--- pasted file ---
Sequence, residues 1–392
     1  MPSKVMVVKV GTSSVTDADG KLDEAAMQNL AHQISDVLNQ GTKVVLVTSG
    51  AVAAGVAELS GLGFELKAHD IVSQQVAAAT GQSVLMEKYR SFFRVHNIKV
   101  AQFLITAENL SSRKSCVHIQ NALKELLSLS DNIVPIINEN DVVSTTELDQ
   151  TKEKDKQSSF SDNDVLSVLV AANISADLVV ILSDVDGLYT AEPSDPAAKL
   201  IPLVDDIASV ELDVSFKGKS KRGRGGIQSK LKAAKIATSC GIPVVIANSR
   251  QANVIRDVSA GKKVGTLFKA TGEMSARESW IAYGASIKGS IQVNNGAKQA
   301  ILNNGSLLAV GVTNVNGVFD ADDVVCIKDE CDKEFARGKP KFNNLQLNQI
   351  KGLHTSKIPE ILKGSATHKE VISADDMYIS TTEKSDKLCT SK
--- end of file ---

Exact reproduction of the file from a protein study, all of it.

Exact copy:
Sequence, residues 1–392
     1  MPSKVMVVKV GTSSVTDADG KLDEAAMQNL AHQISDVLNQ GTKVVLVTSG
    51  AVAAGVAELS GLGFELKAHD IVSQQVAAAT GQSVLMEKYR SFFRVHNIKV
   101  AQFLITAENL SSRKSCVHIQ NALKELLSLS DNIVPIINEN DVVSTTELDQ
   151  TKEKDKQSSF SDNDVLSVLV AANISADLVV ILSDVDGLYT AEPSDPAAKL
   201  IPLVDDIASV ELDVSFKGKS KRGRGGIQSK LKAAKIATSC GIPVVIANSR
   251  QANVIRDVSA GKKVGTLFKA TGEMSARESW IAYGASIKGS IQVNNGAKQA
   301  ILNNGSLLAV GVTNVNGVFD ADDVVCIKDE CDKEFARGKP KFNNLQLNQI
   351  KGLHTSKIPE ILKGSATHKE VISADDMYIS TTEKSDKLCT SK